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Branchlines Vol. 5, No. 3 (1994) Faculty of Forestry, University of British Columbia; Watts, Susan B. 1994-12-31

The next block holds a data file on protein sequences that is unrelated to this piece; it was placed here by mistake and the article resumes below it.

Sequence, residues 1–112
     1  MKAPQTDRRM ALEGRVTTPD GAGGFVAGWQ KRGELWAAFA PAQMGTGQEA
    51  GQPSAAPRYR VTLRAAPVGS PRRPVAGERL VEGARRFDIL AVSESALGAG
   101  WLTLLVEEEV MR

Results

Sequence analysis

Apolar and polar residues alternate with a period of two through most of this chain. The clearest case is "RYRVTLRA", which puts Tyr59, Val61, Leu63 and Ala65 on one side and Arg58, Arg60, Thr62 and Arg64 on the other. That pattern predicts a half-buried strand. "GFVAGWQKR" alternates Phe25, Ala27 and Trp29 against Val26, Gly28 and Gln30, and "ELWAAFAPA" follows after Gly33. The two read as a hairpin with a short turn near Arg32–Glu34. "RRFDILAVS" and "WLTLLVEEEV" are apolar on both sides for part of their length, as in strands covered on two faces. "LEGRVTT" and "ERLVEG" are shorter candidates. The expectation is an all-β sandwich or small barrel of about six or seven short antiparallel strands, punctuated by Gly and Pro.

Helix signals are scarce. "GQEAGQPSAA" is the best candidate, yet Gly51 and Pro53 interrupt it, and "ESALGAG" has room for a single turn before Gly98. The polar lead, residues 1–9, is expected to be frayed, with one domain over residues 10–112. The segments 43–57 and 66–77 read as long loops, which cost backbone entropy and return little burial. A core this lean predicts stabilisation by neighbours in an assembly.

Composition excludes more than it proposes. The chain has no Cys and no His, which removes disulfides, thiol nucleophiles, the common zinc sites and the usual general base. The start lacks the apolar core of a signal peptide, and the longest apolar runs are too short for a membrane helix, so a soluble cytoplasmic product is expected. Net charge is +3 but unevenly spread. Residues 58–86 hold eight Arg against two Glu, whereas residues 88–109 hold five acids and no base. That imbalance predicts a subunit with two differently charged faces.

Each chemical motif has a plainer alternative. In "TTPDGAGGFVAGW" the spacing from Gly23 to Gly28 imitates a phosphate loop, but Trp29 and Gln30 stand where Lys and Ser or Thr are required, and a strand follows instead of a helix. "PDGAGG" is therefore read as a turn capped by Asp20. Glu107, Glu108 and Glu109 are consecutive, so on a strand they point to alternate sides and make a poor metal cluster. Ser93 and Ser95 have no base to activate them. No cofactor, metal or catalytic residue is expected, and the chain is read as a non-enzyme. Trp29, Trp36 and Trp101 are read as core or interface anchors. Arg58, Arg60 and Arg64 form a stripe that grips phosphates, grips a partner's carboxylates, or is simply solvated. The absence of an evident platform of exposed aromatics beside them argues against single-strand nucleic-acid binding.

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F A C U L T Y O F F O R E S T R Y • N E W S L E T T E R • T H E U N I V E R S I T Y O F B R I T I S H C O L U M B I A Volume 5 No. 3 December 1994 From the Dean's Desk To serve the people of British Columbia through excellence in creating, applying and disseminating knowledge about forests — conservation, management, products and production processes. Mission Statement f rom the U B C Faculty of Forestry Strategic Plan ? ? L i k e most university departments, the Facul ty of Fores t ry serves socie ty through our undergraduate programs, graduate teaching and research activi- ties. Unlike a disciplinary department — whose purpose is to advance knowledge in a particularly field — a Faculty of Forestry exists precisely because society has a set of problems collectively called "forestry." This fact implies a special ob l iga t ion for c lose l inkages with society. Some recent examples include: • Prof. Fred Bunnell's service as Indepen- dent Chair of the Clayoquot Scientific Panel, • Prof. Gordon Baskerville's service to the Ministry of Forests in assembling public reaction to the proposed Forest Practice Code, • Prof. A1 Chambers ' recent appoint- ment to Chair the new Forest Land Commission, • Prof. Hamish Kimmins' extensive speak- ing engagements throughout the world on B.C. forestry issues, and • Prof. Scott I l inch ' s work with the Canada Department of Fisheries and Oceans Management Review Team to account for "missing" sockeye salmon in tlie Fraser River. Many other facul ty members also work closely with government, industry and environmental organizations in B.C., Canada and the world more broadly. Not only does such service provide direct assistance to society, but it also enriches our educational programs with realis- tic, up-to-date examples, and helps guide our research activities. Direct service to our external consti- tuencies includes our expanded work in cont inuing s tudies . We recent ly adopted the Silviculture Institute of B.C. Advanced Silviculture program as an official UBC Diploma program. The BC Forestry Continuing Studies Network — with a provincial office at UBC supporting delivery centres in five locations throughout the province — served nearly 13,000 participants last year (p. 5). Finally, many of our faculty conduct research activities in close collabora- tion with partners f rom government and/or industry — Prof. Wee tman ' s highly success fu l SCHIRP program on Vancouver Island (collaborators: Western Forest Products Ltd., MacMillan Blocdel Ltd., Timberwest Ltd., Canadian Forest Service and B.C. Ministry of Forests); Prof. McLean's ambrosia beetle project (collaborators: MacMillan Bloedel and Phero Tech Inc.); Prof. Nelson's spat ia l harves t p lann ing research (collaborators: B.C. Ministry of Forests, West Fraser Mills, and Western Forest Products) and Prof. Avramidis ' RF/ vacuum kiln project (col laborators : MacMillan Bloedel, Council of Forest Industries, Canadian Forest Products and International Forest Products Ltd.) to name a few examples. Despite an obviously high level of external service by faculty members, I am sometimes asked "why don't we see UBC faculty members working on problems away from Point Grey?" The disparity between perception and reality may, in part, be due to the Faculty's small size. For example, as measured by the budget we receive from the Univer- sity, the Faculty of Agriculture is rough- ly 50% larger than we are, Commerce is over twice as large and the Faculties of Education and of Applied Sciences are both about four times as large. Indeed some individual departments — English and Chemistry to give two examples — are larger than the entire Faculty of Forestry. Service to forestry — government, industry, and private nonprofit organi- zations — is central to our mission. This commitment to strong externalties differ- entiates die Faculty of Forestry from the disciplinary departments at UBC, but the university budget is allocated p r imar i ly on the basis of teaching responsibilities. Our challenge is to sus- tain a high level of interaction with the world away from the University Campus while maintaining excellent teaching and research programs. Any thoughts you might have on how we can do a better j ob of meeting this challenge would be most welcome. You can reach me in person, by letter, fax (604) 822-8645, 9 (604) 822-2467, or by e-mail binkley@unixg.ubc.ca. Clark S. Binkley Forest Resources Management Department RESEARCH HIGHLIGHT Changing Social Values and Forestry IN recent years much public debate and protest has been generated by individuals, communities, and environmen- tal groups regarding forest practices and policies in British Columbia. Analyses by social scientists suggest that increased concern about environmental issues is rooted in a shift in the value preferences of indi- viduals from "materialist" to "pos t -mate r ia l i s t va lues — especially amongst younger and more well educated cohorts. Recent survey-based research by Dr. David Tindall of the Forest Resources Management Department has examined the role that values play in an individual's decision to join an environmental group, orexpress concern for environmental issues. Six "materialist" and six "post-materialist" values were considered. Responses collected from the general public, members of formal environmental groups, and a first year UBC Forestry class, indicate that the general public are relatively more supportive of materialist values such as "maintaining a high rate of economic growth" and "fighting rising costs." The forestry students surveyed fall in between the other two groups on these two i tems (as wel l as severa l DEPARTMENT NEWS D e a n Binkley has set up a Task Force to review the curriculum for the professional degree (B.S.F.). The group made up of two staff from Forest Sciences, two from Forest Resources Management, and three u n d e r g r a d u a t e s t u d e n t s , is lead by Gordon Baskerville. They have a mandate to review the present structure, and to propose revisions to the management o thers) . Member s of env i ronmenta l o r g a n i z a t i o n s a re m o r e s u p p o r t i v e of p o s t - m a t e r i a l i s t va lues such as "p rog re s s towards a socie ty whe re ideas count more than money" and "seeing that people have more say in how things get decided at work and in their communities." In general, sup- port for "post -mater ia l i s t" values is associated with joining environmental organizations. Research results suggest that value shifts from materialist to post-materialist dimensions are associated with value preferences regarding forests and forestry practices. This shift is evident in the percept ions of indiv iduals surveyed regarding clearcut logging. The table above shows comparative data regard- ing attitudes toward clearcutting as a program to the Dean and Faculty by the summer of 1995. The process will involve a survey of a broad band of employers a imed at iden t i fy ing the skil ls and characteristics sought in a graduate. The Task Force will examine a range of program formats including the present 4-year approach and a 4+1 approach leading to two academic credentials. forest management method. While there is some variation between the groups surveyed, the major i ty of individuals within each group indicate that they feel that clearcutting is used too widely. UBC forestry students and environ- mental organization members were also asked to rank the relative importance of six values associated with forests. I n t e r e s t i n g l y , bo th g r o u p s rank ecological values such as "balancing the global ecosystem" and "as a habitat for a variety of animal and plant life" more highly than anthropo- centric values such as "a place for recreation and relaxat ion" and "a source of econo- mic wealth and jobs." T h e s e f i n d i n g s are cons i s ten t with the value shift argument referred to above. Forest practices are partly based on science and partly based on human values. While forestry pro- fessionals can play an important role in providing the public and advocacy groups with information about forests and forestry practices, they also need to pay heed to the concerns and value preferences of these groups. For further information, please contact Dr. David Tindall at (604) 822- 2550, fax (604) 822-9106 or e-mail tindall @unixg. ubc. ca. • The appointment of Dr. Alan Chambers as Chair of the Forest Land Commission was announced in Victoria , B.C. on November 23. This new Commission was established under the Forest Land Reserve Act passed last July. Dr. Chambers has also served as director of the B.C. Wildlife Federation for five years, and served as co-chair of the Forest Land Use Liaison Committee. • Survey results showing comparative attitudes (in percent) toward clearcutting as a forestry method Environmental First year General organization Forestry public members students Used too widely 71 95.5 60.3 Use is just right 16 0.8 25.4 Not used widely enough 4 0.3 1.6 No answer/other 9 3.4 12.7 Branch Lines Forest Sciences Department RESEARCH HIGHLIGHT An 85-page synthesis of SCHIRP research findings "SCHIRP: A S y n t h e s i s " was p u b l i s h e d in October , 1994. Copies can be obtained for $15.00 each from the Department of Forest Sciences, UBC, Vancouver, B.C. V6T 1Z4. amounts of N in biomass and was able to use organic forms of N through its mycorrhizal fungi , which also inter- fered with mycorrhizae of hemlock. High concentrations of phenolic acids were associated with salal, which may interfere with mineralization of N. The low availability of N and P in CH cutovers originated in the old-growth forests prior to clearcutting. Nutrient availability was low in all layers of the forest floor in CH forests; this was the result of three factors. First, cedar litter contains little N and more material resistant to decomposition than other spec ies , and p roduces fores t f loors with low rates of N mineral izat ion. SCHIRP: A Synthesis THE Salal Cedar Hemlock Integrated Research Program (SCHIRP) was a cooperative research effort between UBC, Western Fores t Products , MacMi l l an Bloedel, Timberwest, the B.C. Ministry of Forests and Canadian Forest Service. The objective of this decade-long research effort was to understand the underlying causes of poor growth of conifer regene- ration on northern Vancouver Island, British Columbia, and to recommend the most effective methods of improving tree growth. The problem occurred on sites formerly occupied by old-growth cedar- hemlock (CH) forests, 5-8 years af ter clearcutting and slashburning. The prob- lem was characterized by severe chloro- sis and a near cessation of growth of Sitka spruce, western hemlock, western red cedar and amabil is fir, coincident with the expansion of the er icaceous shrub, salal, on the cutovers. A series of fertilization trials identified nutrient deficiencies as the cause of the growth check of conifers, and determined that additions of 200 kg N ha'1 and 50 kg P ha-1 would improve tree growth. Addi- tions of organic wastes such as sewage sludge and fish silage were also effective. Burning, cultivating, liming, higher plant- ing densities or herbicide application were less effective. The nutrient deficiencies in conifers on CI I cutovers were the result of the low nutrient availability in soil and humus, and competition and interference from salal . Salal i m m o b i l i z e d subs tan t i a l Second, the forest floors in CH forests are wetter and have less soil fauna, which contribute to incomplete decom- position and mineralization of N. Third, the salal unders torey in CH forests i n t e r f e re s wi th mine ra l i za t ion of N through the production of tannins and the activities of its mycorrhizal fungi. For further information on this project, please contact Dr. Cindy Prescott at (604) 822-4701. • Old-growth cedar-hemlock (CH) forest (right) and second growth hemlock-amabilis (HA) forest (left); slashburned cutover in foreground. DEPARTMENT NEWS D r . Carlos Galindo-Leal , a Research Associate in the Department, has accept- ed the position of Associate Director for Tropical Programs in the Centre for Conser- vation Biology at Stanford University. Carlos will begin his new appoinunent in January 1995. We wish him every success. Dr. Ilamish Kimmins has recently re- turned from a week in Germany, Switzer- land and Austria where he gave talks on the ecology of Canadian forests at the Univers i ty of Hamburg , the Wor ld Forestry Institute, and several Canadian Embassies. Ilamish also talked to wood/ pulp buyers in Germany, Switzerland and Austria, and made a presentation to the Association of German Science in Bonn. A number of presentations were made by Department members at the Annual Meeting of the Soil Science Society of America, held in Seattle, Washington, last month. Papers were presented by four graduate students and Dr. Cindy Prescott p resented two talks, co-authored by Dr. Gordon Weetman, entitled "Causes and amelioration of nutrient deficiencies in cutovers of cedar-hemlock forests," and "Long term effects of repeated N fertilization and straw application to a jack pine forest."U Branch Lines Wood Science Department RESEARCH HIGHLIGHT Fractal Dimensionality of Wood THE need to characterize the physical properties of wood and wood pro- ducts by mathematical methods has he- c o m e inc r ea s ing ly impor t an t as the need for accurate control of quality and process pa ramete r s has increased. In particular, internal and external surface characterization of porous materials such as wood and composite wood products is particularly important when chemical reac t ions such as chemisorp t ion and physisorption of gases, take place or in the case of wood adhesion with other natural lignocellulosic or man made poly- meric materials. Researchers are accustomed to regard- ing chemically active wood surfaces as two-dimensional macromelecular entities, i.e., as locally flat arrays of molecules where surface inhomogeneities and dis- locations have the status of deviations from an ideally planar surface. In many instances, surfaces can be so irregular that geometrical concepts as elementary as the surface area cease to be meaning- ful. Irregular surfaces cannot be charac- terized by single parameter descriptors as Euclidean geometries do. Thus, over the past twenty years a new science called fractal geometry has evolved to address p r o b l e m s invo lv ing very c o m p l e x geometries. F r ac t a l s are c o m p l e x g e o m e t r i c a l objects that posses nontrivial structure on arbitrary scales. In fact, a fractal is a shape made of parts similar to the whole in some way. This property of fractalshapes is called self-similarity. Fracta l geomet ry has been used to describe and explain coastline lengths, ga l axy c lus te r s , t u rbu lence , t rees , Brownian motion, river d ischarges , f racture surfaces, and price changes in economics. Recently, we used the method of fractal dimensionality to characterize the in te rna l wood s u r f a c e based on water sorption data. Three methods were implemented based on the polymolecular sorption and capillary c o n d e n s a t i o n of water. The calculated f r a c t a l d imens ion ranged between 2.5 and 2.8 thus implying that the internal sur- face is far from two dimensional as being c lo se r to a three dimensional one. Currently, studies are being carried out to determine poro- metric fractal dimen- sionality such as in the case of micro- porosity, permeability and non-Darcian fluid flow in solid wood, and the micro- porosity and macroporosi ty of wood c o m p o s i t e s l ike p a r t i c l e b o a r d s and parallam. Future studies will also involve the characterization of lumber surface roughness as affected by process para- meters in the sawmill and planer mill. In all cases, fractal geometry will be used as a descriptive tool for characterization and a predictive tool for modelling. Further information is available from Dr. Stavros Avramidis at (604) 822-6153 or fax (604) 822-9104. • A three-dimensional wood model (Menger sponge) with an infinite surface area and zero volume. DEPARTMENT NEWS D r . Paul Steiner was Program Chairman for the Second Pacific Rim Bio-Based Composites Symposium held in Vaiicou ver, November 6-9, 1994. The Symposium attracted 110 specialists, including 45 international experts , in the f ields of bio-based composites and wood modi- fication. Dr. Dave Plackett and Dr. Gary Troughton of Forintek Canada Corpora- tion were S y m p o s i u m Coord ina to r s . Dr. Patricia Plackett and her colleagues f rom the B.C. Forestry Cont inu ing Studies Network (BCFCSN) managed the organization of this highly success- ful symposium. Proceedings containing over 40 symposium papers are available from the BCFCSN at (604) 822-5874 or fax (604) 822-3106. Price: $75.00 + postage & handling. Wood Science faculty members Drs. Colette Breuil, Jack Saddler, Stavros Avramidis, Paul Steiner, Frank Lam and David Bar re t t recent ly rece ived six N S E R C S t r a t e g i c or C o l l a b o r a t i v e Grants. The NSERC awards will provide $1,250,884 over three years, to fund science and engineering research pro- jects related to immunoassays for resin ac ids , r ad io - f r equency dry ing , wood composites modeling, advanced grading of e n g i n e e r e d wood p r o d u c t s and cellulose modification by e n z y m e s . • Branch Lines Forestry Education Activities Update... BC Forestry Continuing Studies Network DURING the past year the Network was asked to undertake one of die biggest initiatives ever attempted since its incepuon: organizing the delivery of the Minis t ry ' s Forest Pract ices Code (FPC) training. A team consisting of re- presentatives from 4 Provincial Govern- ment Ministries, was assembled to develop a 5 module training package for die Forest Practices Code Act. The Network was contracted to coordinate course delivery. Almost 500 training sessions (2.5 times more then we did in total during last year) of FPC training were organized between September and November. Each of our five Delivery Centre Program Managers , Tom Rankin (Kamloops) , April Anderson (Castlegar), Laura Poulk (Pr ince George ) , C a r m e n Whea t l ey (Smithers) and Tom Molfenter (Nanaimo), worked very c lose ly with the local Ministry Coord ina to rs to ensure the success of this training initiative. The Provincial O f f i c e at U B C faci l i ta ted die coordination of die efforts between the Network and the Implementat ion Team. The Provincial Office continues to assist many organizations with the develop- ment of training packages. Currently Dwight Yochim is working on a joint venture with BCIT and the Ministry of Forests, Timber Harvesting Branch. Markus Merkens is working with the Ministry of Environment, Lands and Parks on its Watershed Restorat ion Project which is a major part of Forest Renewal B.C. Patricia Plackett is working widi die task force designing and delivering forest practices code training for industry widi a focus on forestry workers. For further information on the BC Forestry Continuing Studies Network, please contact Dr. Patricia Plackett at (604) 822-9278, fax (604) 822-3106 or e-mail plackett @unixg. ubc. ca. • SIBC Gains Diploma Status T h e Silviculture Institute of British Columbia (SIBC) provides continuing education programs in silviculture to professional foresters, forest techno- logists and technicians, and otiier forest workers through in-residence programs as well as correspondence courses. Our most exciting news at die moment is the recent approval by the Univer- sity of British Columbia Senate of our proposal to have die "Professional Module Program" recognized as a UBC Diploma Program. This program has been o f f e r ed s ince 1985 to Registered Profess iona l Fores te rs specializing in silvicultural work, as a mid-career upgrade. To date, we have 123 graduates who have completed this program (who are not eligible for the diploma, unfortunately). Currently enrolled students and new applicants who complete all six, two-week modules success fu l ly (usual ly taken over a three year period) will receive a UBC "Dip loma in Fores t ry (Advanced Silviculture)." The significance of the diploma status is twofold: die academic achievements of the students will be highlighted, and die contributions of die UBC Faculty members who parti- cipate in this program will be more formally recognized by die university. For further information on SIBC programs, please contact Candace Laird, RPF, Executive Director at (604) 224- 7800 or e-mail claird@unixg.ubc.ca). Namkoong Family Fellowship in Forest Sciences Established D r . Gene Namkoong, Head of die Department of Forest Sciences, has donated money awarded to him by die Marcus Wallenberg Prize Foundation to a graduate fellowship in die area of conservation biology. At a cheque passing ceremony in October, Dr. Namkoong (centre) presented a cheque for $110,000 to UBC President David Strangway (left). Funding for die fellowship also included a $95,000 contribution from the B.C. Ministry of Forests and a $50,000 contribution from the Canadian Forest Service. Forests Minster Andrew Petter (second from right) presented the cheque to UBC on behalf of the Province. Also at the ceremony were Carol Namkoong and Clark Binkley. Branch Lines FOREST NEWS from the Alex Fraser Research Forest Salvage Operations at the Forest SOMETIMES trees die. This is a funda-mental concept, but critically impor- tant to the management of a forest. Salvage of dead and dying trees, and manage- ment of the events which kill trees, is a crucial component of forest management in British Columbia. Over 30% of the timberharvested from the Alex Fraser Re- search Forest comes from salvage activi- ties (see chart) . In order of importance, this sa lvage e f fo r t has been d i r ec t ed towards Douglas-fir bark beetle, mountain p ine bee t l e , and windthrow. Salvage activities tend to be concen- trated in winter months (before insects emerge) on very small areas; in the past 8 years only one opening larger than one hectare has been created. Such intensive salvage activities require a lot of access, which is the chief problem associated with the program. Skid trails are a concern to ranchers because the trails may take cattle where they don' t belong. Open roads cause stress to wild- life through increased traffic, increased hunter access, and more poaching. Helicopters are now being used for logging scattered infestations on diffi- cult terrain in the Cariboo. The popula- rity of this method will continue as long as the value of the logs exceeds the high cost of the loggings. Heli- copter logging costs approxi- m a t e l y f o u r times as much as skidder log- ging, butallows t r e a t m e n t of i n f e s t a t i o n s which cou ld not be salvag- ed with ground based equ ip - ment. The Re- search Forest recently harvested 180 m3 of infested Douglas-fir trees using a Bell 205 helicopter, and made a small profit. T imber ha rves t ing is an integral component of the operat ions of the UBC Research Forests. Management Plans for the Alex Fraser Research Forest require aggressive management of insect in fes t a t ions , and sa lvage operations will continue to supply a significant part of the harvest volume for the foreseeable future. For more information, please contact Ken Day, RPF at (604) 392-2207. • Positions Available NSERC/Industry Research Chairs T h e Natural Sciences and Engineering Research Council (NSERC) has agreed in principle to the establishment of two tenure-track NSERC/Industry Research Chairs in the Department of Forest Sciences; one in the area of population genetics and one in quantitative genetics. The Chairs will be established in collaboration with the University, NSERC, several Forest Industry and Conservation organizations and the B.C. Ministry of Forests. The Chairs will have assured funding for five years starting September 1995 and each is supported by a guaranteed annual research budget of about $90,000 for that period. The research program will be aimed at understanding the evolutionary dynamics of forest organisms and at designing programs for conservation and use of genetic resources. Teaching responsibilities will be limited for the first five years. For further information, please contact Dr. B.J. van der Kamp at (604) 822-2728 or fax (604) 822-9102. Branch Lines New Centre for Advanced Wood Products Processing A proposal from the Department of Wood Science to locate a national Centre for Advanced Wood Products Processing at U B C was se lec ted f r om six submis- sions to the Board of the National Educa- tion Ini t iat ive of the Canadian Wood Processing Industry. U B C ' s proposal has strong industry support from across Canada. The Centre will o f f e r a new coop undergraduate degree program, cont inuing education and applied research in advanced wood products processing. The Centre 's pro- grams will be guided by an industry board with national representation. The UBC education programs will be laddered to new college and high school p rograms in wood p roduc t s process- ing. Quesnel Secondary Schools and the University College of the Cariboo are already collaborating with UBC to develop a fu l ly l adde red p r o g r a m in W o o d Processing Technology. Other laddered p r o g r a m s wil l be d e v e l o p e d ac ross Canada following this model. In 1995, die Centre will offer new con- tinuing education and extension programs in areas identified by the Centre's Board. The Industry Advisory Board is current- ly developing a funding plan involving a partnership with industry, government and oUicr agencies. For further information, please contact Dr. Thomas Maness at (604) 822-2150. • NEWSLETTER PRODUCTION Branch Lines is published by the Faculty of Forestry at the University of British Columbia three times each year. ISSN 1181-9936. Editor: Susan B. Watts, Ph.D., R.P.F. ln-house typesetting and layout: Patsy Quay and Susan B. Watts. Ques t ions conce rn ing the newsle t ter or reques t s fo r mai l ing list updates , de le t ions or addi t ions should be d i rec ted to Dr. Susan Wat t s , News le t t e r Edi tor at: Faculty of Forestry University of British Columbia 270-2357 Main Mall Vancouver, B.C. V6T 1Z4 a (604) 822-6316 Fax : (604)822-8645 E-mail: suwatts@unixg.ubc.ca Recycled Paper ©Faculty of Forestry, 1994 6